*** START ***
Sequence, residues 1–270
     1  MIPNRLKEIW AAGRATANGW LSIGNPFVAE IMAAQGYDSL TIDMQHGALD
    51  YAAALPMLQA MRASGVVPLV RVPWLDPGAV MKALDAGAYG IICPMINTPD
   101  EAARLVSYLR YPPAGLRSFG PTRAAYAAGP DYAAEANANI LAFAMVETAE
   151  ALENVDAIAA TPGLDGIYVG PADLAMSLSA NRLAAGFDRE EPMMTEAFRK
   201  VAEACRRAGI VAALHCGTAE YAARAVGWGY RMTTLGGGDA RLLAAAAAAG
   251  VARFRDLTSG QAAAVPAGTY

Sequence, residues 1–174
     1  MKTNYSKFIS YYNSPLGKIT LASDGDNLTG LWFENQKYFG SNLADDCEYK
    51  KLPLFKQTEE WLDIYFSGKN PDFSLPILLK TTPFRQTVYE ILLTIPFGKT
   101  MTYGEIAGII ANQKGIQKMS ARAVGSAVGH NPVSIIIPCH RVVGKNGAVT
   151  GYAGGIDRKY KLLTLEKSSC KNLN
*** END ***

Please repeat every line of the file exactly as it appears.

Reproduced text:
Sequence, residues 1–270
     1  MIPNRLKEIW AAGRATANGW LSIGNPFVAE IMAAQGYDSL TIDMQHGALD
    51  YAAALPMLQA MRASGVVPLV RVPWLDPGAV MKALDAGAYG IICPMINTPD
   101  EAARLVSYLR YPPAGLRSFG PTRAAYAAGP DYAAEANANI LAFAMVETAE
   151  ALENVDAIAA TPGLDGIYVG PADLAMSLSA NRLAAGFDRE EPMMTEAFRK
   201  VAEACRRAGI VAALHCGTAE YAARAVGWGY RMTTLGGGDA RLLAAAAAAG
   251  VARFRDLTSG QAAAVPAGTY

Sequence, residues 1–174
     1  MKTNYSKFIS YYNSPLGKIT LASDGDNLTG LWFENQKYFG SNLADDCEYK
    51  KLPLFKQTEE WLDIYFSGKN PDFSLPILLK TTPFRQTVYE ILLTIPFGKT
   101  MTYGEIAGII ANQKGIQKMS ARAVGSAVGH NPVSIIIPCH RVVGKNGAVT
   151  GYAGGIDRKY KLLTLEKSSC KNLN